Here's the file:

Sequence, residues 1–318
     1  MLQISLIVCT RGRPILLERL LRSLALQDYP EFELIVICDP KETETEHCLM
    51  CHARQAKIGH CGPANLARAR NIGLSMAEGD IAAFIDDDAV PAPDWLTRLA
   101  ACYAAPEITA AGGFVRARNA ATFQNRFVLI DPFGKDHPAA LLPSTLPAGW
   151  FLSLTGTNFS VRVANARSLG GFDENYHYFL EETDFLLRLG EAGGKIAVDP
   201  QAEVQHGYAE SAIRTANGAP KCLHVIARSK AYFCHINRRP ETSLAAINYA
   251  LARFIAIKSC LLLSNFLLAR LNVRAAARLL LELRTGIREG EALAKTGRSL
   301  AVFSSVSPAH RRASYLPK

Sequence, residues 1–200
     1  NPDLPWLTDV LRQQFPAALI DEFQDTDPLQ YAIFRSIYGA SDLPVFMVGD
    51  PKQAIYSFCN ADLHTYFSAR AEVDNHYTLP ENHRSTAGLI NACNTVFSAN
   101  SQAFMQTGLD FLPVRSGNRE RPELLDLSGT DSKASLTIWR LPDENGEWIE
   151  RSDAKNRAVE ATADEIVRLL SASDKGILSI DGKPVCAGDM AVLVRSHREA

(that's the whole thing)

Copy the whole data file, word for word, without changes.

Sequence, residues 1–318
     1  MLQISLIVCT RGRPILLERL LRSLALQDYP EFELIVICDP KETETEHCLM
    51  CHARQAKIGH CGPANLARAR NIGLSMAEGD IAAFIDDDAV PAPDWLTRLA
   101  ACYAAPEITA AGGFVRARNA ATFQNRFVLI DPFGKDHPAA LLPSTLPAGW
   151  FLSLTGTNFS VRVANARSLG GFDENYHYFL EETDFLLRLG EAGGKIAVDP
   201  QAEVQHGYAE SAIRTANGAP KCLHVIARSK AYFCHINRRP ETSLAAINYA
   251  LARFIAIKSC LLLSNFLLAR LNVRAAARLL LELRTGIREG EALAKTGRSL
   301  AVFSSVSPAH RRASYLPK

Sequence, residues 1–200
     1  NPDLPWLTDV LRQQFPAALI DEFQDTDPLQ YAIFRSIYGA SDLPVFMVGD
    51  PKQAIYSFCN ADLHTYFSAR AEVDNHYTLP ENHRSTAGLI NACNTVFSAN
   101  SQAFMQTGLD FLPVRSGNRE RPELLDLSGT DSKASLTIWR LPDENGEWIE
   151  RSDAKNRAVE ATADEIVRLL SASDKGILSI DGKPVCAGDM AVLVRSHREA